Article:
GROSS: (Laughter) What have your most controversial cartoons been?

CALLAHAN: In the book, I have my first angry letter, which is - I have framed at the house with many to follow. But it's a picture of a guy in a bar with no hands. And he has hooks for hands on both hands. And the bartender's turning him down, saying, sorry, Mike, you just can't hold your liquor. And - but when I drew that, many people with the disability of having, you know, you know, amputated hands or something have come up to me on the street in different cities and said how much they've enjoyed my work, and in particular, the hook jokes.

GROSS: Have stupid questions that you're asked about being handicapped led to cartoons?

CALLAHAN: Sometimes, yes. As a matter of fact, that first cartoon I described of the two cut-off heads talking because many people come to me and say, you know, people like you are a real inspiration to me. Which is a really strange feeling to have when you've only been in their presence for 30 seconds or something.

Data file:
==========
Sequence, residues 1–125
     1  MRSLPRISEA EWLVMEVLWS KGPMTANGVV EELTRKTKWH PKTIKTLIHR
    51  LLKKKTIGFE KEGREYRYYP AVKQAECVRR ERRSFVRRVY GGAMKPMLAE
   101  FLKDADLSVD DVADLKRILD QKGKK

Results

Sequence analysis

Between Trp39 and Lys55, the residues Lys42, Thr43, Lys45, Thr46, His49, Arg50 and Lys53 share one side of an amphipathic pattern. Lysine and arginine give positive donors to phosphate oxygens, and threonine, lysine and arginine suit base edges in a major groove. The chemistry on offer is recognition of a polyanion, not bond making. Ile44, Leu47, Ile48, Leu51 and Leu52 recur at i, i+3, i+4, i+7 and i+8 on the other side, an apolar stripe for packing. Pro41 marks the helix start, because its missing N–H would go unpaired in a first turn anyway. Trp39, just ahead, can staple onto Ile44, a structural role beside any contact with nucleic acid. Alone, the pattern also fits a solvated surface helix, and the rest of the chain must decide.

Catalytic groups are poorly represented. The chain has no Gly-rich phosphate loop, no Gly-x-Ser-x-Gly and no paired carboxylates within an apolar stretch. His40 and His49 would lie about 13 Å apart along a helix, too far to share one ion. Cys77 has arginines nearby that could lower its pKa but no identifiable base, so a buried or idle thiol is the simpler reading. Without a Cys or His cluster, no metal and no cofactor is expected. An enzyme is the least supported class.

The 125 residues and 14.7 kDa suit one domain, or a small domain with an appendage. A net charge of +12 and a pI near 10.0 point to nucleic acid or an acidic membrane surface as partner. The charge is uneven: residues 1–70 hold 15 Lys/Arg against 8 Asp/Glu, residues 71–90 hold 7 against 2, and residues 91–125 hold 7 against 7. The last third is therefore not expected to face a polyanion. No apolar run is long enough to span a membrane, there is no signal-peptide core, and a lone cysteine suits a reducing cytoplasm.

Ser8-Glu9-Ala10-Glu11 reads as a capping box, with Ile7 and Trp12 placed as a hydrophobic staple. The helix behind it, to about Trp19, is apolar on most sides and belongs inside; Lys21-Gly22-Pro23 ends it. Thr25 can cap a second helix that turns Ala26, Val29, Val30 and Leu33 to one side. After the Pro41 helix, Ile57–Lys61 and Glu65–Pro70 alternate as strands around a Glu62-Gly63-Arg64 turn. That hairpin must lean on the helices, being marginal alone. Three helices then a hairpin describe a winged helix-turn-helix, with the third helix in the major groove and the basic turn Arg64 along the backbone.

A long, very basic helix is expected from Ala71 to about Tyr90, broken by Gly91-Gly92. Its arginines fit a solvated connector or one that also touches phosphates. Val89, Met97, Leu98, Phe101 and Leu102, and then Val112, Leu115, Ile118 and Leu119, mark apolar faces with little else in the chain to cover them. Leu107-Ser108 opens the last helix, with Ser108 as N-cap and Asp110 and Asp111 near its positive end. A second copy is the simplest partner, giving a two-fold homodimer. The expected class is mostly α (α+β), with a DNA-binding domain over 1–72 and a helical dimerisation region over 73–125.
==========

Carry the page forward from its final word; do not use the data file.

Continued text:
GROSS: (Laughter) Right. Can you take the same liberties with other people, or does it come off as sexist or racist?

CALLAHAN: Well, I guess people are touchy about the special interest groups like that. I mean, I've drawn - I have, for instance, a cartoon which is very popular. It's a picture of a cafe - in the window of the cafe it says, The Anorexia Cafe. And there's a small sign on the door that says, now closed 24 hours a day. And it's extremely popular. But, you know, it gets me in a little trouble sometimes. You know, people do write in. Usually almost always, people who write the angry letters are not a member of that group that I'm featuring in the cartoon.

GROSS: Did you have the same kind of sense of humor before your accident?

CALLAHAN: Yes, I did. I had it as a kid. I remember doing kind of cynical, you know, humor for my parents, kind of stand-up in the days I could - when I could stand up, you know. As a 5 or 6-year-old kid, I would try to entertain the family around the kitchen table.

GROSS: Was it hard for you to find your sense of humor after your accident?